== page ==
Why am I writing about your wallet? To be perfectly honest, it’s because I want you to stay in business. If you’re not in business, Engine Builder magazine isn’t in business. If you’re not in business, Goodson Tools & Supplies isn’t in business. If you’re not in business, Dave Monyhan is not employed, and that is totally unacceptable.
I’ll bet any of you that you’re not working on the same engines as you were ten years ago, five years ago or even one year ago. And that’s a bet I’m sure I’d win.
Why am I so confident that I’m right? Besides the fact that I see it every day in the tools and supplies that engine builders are buying, it’s a matter of survival. Surviving in a down market means making changes. The automotive business has changed significantly over the years and you have finally come to the conclusion (kicking and screaming all the way) that 350 small block Chevys are yesterday’s news.
Of course, we still build 350 Chevys, but most of these small block V8s are used for racing or street rods, or some other special application. But let’s face it; the everyday small block engine build is going away.
These days you’re more likely to be working on a lightweight V8, V6 or an inline 4-cylinder engine; many with dual overhead cams and multiple valves per cylinder. These late model applications are dimensionally different than your father’s Oldsmobile for sure.
You’ve tooled up and “teched up” to be able to work these new smaller and lighter weight engine models. You may have even invested in new late model equipment that is geared toward machining these smaller and lighter components.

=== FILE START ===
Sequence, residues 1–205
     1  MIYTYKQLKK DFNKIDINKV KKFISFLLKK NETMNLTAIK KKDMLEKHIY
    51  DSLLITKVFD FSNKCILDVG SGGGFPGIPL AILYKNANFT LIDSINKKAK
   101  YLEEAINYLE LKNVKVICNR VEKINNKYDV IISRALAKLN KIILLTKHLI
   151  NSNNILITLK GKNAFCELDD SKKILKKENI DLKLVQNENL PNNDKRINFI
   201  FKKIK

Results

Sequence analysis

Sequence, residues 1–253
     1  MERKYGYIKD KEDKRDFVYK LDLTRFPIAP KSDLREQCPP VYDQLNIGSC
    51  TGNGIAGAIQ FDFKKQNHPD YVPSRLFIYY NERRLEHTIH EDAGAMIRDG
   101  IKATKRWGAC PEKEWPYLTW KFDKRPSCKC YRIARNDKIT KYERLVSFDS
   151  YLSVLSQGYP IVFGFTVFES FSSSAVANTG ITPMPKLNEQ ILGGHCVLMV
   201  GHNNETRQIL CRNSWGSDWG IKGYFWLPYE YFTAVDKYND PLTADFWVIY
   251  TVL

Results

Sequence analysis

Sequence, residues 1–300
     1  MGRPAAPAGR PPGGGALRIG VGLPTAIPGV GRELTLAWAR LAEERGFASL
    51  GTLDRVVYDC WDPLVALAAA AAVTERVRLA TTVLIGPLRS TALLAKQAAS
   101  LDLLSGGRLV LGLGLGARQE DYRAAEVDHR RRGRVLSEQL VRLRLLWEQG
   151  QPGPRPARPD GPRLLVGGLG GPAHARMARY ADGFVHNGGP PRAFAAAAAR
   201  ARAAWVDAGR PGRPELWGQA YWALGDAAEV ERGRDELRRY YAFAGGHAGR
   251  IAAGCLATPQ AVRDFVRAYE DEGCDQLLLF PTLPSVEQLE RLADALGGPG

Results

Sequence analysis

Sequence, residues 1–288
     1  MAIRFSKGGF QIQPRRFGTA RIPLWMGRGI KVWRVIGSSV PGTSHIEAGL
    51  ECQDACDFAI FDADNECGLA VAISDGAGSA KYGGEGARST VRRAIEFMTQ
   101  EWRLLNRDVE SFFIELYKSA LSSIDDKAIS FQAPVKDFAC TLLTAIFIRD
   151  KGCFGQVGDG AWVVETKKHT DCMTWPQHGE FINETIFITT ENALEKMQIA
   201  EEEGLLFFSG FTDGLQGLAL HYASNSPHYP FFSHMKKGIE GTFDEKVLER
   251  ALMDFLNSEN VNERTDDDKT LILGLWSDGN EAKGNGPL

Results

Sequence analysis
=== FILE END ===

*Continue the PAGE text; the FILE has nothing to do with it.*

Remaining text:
You have changed, Grasshopper, and that change is good!
But have you changed how you determine what it actually costs you to machine these engines versus what you use to charge for the old small block Chevy?
Calculating what to charge seemed easier back in the day as everybody was charging about the same to do the standard valve job. Most of the pricing was created by averaging segments of your market and comparing them against other markets and labor price sheets were created.
Of course, there was always that one shop that was racing to go broke on by being the cheapest in the land. Not the correct approach by any means. Unfortunately, I’ll bet almost none of you has re-visited what it really costs to do that valve job today.
It is pretty clear that the main goal of a business is to make this thing we call profit. Even a non-profit business must cover its costs of doing business.
So what is profit?
The dictionary defines profit as “an excess of income over expenditure, especially in a particular transaction or over a period of time.” Profit exists when income exceeds cost.
If I charge $100 for something that only cost me $62 then I just made a $38 profit. Or have I? There are two kinds of profit; gross profit and net profit. Gross profit is that middle area of what it costs you versus what you sell it for. Net profit is what is left over after you pay all the bills and before you pay the taxes.
Here is the mathematical formula for calculating your gross profit: take your selling price and subtract the cost. Then divide that number back into your selling price and you have gross profit. Remember, we can’t get to net profit until we have gross profit and net profit is what you put in your pocket after you pay all the bills, employees, and of course, yourself. Isn’t that why you should go to work each day?
Example: Selling price is $200; Cost is $135. Or, $200 – $135 = $65; Divide the 65 into the 200 and you have .325 or 32.5% gross profit.
Now I am not going to tell you how to run your business but I am going to get into why you’re thinking about how you charge should probably be changed.